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AES Says Bahamas LNG Project Remains on Track

An AES Corp. official said on Monday that the Ocean Express Pipeline and LNG project in Florida and the Bahamas remains on track despite the decision last week by Florida Power & Light (FP&L) to cancel a request for proposals process (see Daily GPI, June 2).

FP&L, which serves more than 4.2 million customer accounts in Florida, was soliciting proposals for a minimum of 400,000-600,000 MMBtu/d of regasified LNG for a 15-25 year term starting any time between Jan. 1, 2007 and Dec. 31, 2010. The utility company was expected to be the anchor customer for the winning LNG project out of three proposed terminals and pipelines. Power demand in the state is driving substantial gas demand growth, and FP&L is the largest power company in Florida. But the utility called off its RFP last Wednesday, stating that it could not get the economic terms and conditions it desired.

AES's Aaron Samson, director of the Bahamas project, said it's hard to characterize the FP&L decision as a positive move, but given what he called the utility's track record of favoritism for bids by its own affiliates, AES considers the market situation for its project "unchanged."

"We don't think that suspending or canceling the RFP really changes any of our plans," Samson said in an interview with NGI. "We don't think it necessarily favored us anyway, and seeing it end unresolved is not a negative aspect. We don't think it changed things much at all. It wasn't a surprising thing given that their affiliate had both of its sites rejected by the environmental commission in the Bahamas" (see Daily GPI, May 6).

"I think you can get your own flavor for FPL's RFPs and how they've been awarded in the past and understand that we don't think this is necessarily a negative thing."

Samson said going forward AES will continue negotiations with all the customers in Florida, FP&L being the largest. "This is a big market with humongous growth that is still going to need to be satisfied, and no other conventional supply programs can compete with the LNG option coming from the Bahamas," he said.

However, getting FP&L back to the bargaining table may take some doing. The utility has a preset goal of transforming the LNG market, according to Samson. "They were trying to effectively commoditize the LNG market through this RFP contracting scheme and if they couldn't get a price that looked like it only matched the commodity component of their existing pricing, they weren't going to make that long-term commitment.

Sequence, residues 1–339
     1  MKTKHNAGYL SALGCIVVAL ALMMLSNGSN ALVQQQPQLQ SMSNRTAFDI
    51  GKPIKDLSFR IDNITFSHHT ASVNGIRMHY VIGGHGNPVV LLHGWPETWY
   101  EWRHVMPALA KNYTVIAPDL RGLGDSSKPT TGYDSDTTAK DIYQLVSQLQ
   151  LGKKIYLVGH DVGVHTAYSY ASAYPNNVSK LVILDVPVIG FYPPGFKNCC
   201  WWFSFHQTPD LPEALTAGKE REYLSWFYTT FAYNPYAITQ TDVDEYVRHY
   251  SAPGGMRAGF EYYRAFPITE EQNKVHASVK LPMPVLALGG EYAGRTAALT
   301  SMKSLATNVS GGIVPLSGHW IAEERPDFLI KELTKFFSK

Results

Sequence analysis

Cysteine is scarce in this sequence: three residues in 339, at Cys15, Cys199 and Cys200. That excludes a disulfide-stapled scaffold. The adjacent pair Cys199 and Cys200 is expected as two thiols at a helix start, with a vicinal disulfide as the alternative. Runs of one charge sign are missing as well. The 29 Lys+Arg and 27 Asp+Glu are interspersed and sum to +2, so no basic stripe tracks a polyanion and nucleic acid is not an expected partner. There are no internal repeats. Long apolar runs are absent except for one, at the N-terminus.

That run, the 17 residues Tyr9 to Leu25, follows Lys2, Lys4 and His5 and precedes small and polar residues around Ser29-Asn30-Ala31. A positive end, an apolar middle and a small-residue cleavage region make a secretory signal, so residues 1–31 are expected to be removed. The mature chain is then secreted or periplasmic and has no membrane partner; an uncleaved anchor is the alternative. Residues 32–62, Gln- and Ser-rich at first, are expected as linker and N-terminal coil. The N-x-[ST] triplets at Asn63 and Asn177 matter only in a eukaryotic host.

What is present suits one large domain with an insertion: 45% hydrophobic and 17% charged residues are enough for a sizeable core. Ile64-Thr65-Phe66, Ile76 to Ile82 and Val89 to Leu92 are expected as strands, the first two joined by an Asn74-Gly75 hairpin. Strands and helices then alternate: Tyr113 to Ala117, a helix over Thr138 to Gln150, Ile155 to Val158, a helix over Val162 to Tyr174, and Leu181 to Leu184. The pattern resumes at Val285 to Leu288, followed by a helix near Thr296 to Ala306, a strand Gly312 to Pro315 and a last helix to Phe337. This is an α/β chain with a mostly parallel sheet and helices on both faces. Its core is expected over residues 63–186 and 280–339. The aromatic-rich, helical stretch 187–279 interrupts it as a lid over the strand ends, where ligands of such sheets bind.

"I think their intention was to buy a big chunk of gas only at commodity costs on an existing pipeline transportation and commodity structure. They were not going to enter into a firm take-or-pay obligation on a huge chunk of natural gas deliveries."

Regardless of the utility's plans, Samson said the $750 million Ocean Express project is likely to gain final approvals from the Bahamas soon and meet an in-service date in mid to late 2008. He said the project has been delayed in part because the Bahamas government has no experience when it comes to LNG.

Making matters even worse has been the illness of its prime minister. "It also doesn't help when the prime minister has a stroke and has to take time off. It's a big decision we didn't expect would happen while he's not actively in office. He's returning to work on a reduced schedule, and we'll see what the process will bring. We're still confident that we've met all the requirements that the Bahamian government asked of us."

AES Corp. is planning to build its 1 Bcf/d LNG terminal on a 100-acre island called Ocean Cay, which is about nine miles from any populated island. That location has benefited it significantly but the project has not been without opposition or regulatory delays.

"This project has a long history of waiting so we've actually missed a few opportunities that we've had for supply agreements, but right now we are in active discussions with a number of tolling parties and LNG suppliers," said Samson.

"We're optimistic with the prime minister coming back to work in the next several months this will be resolved and we'll have this project in construction toward year end or early next year."

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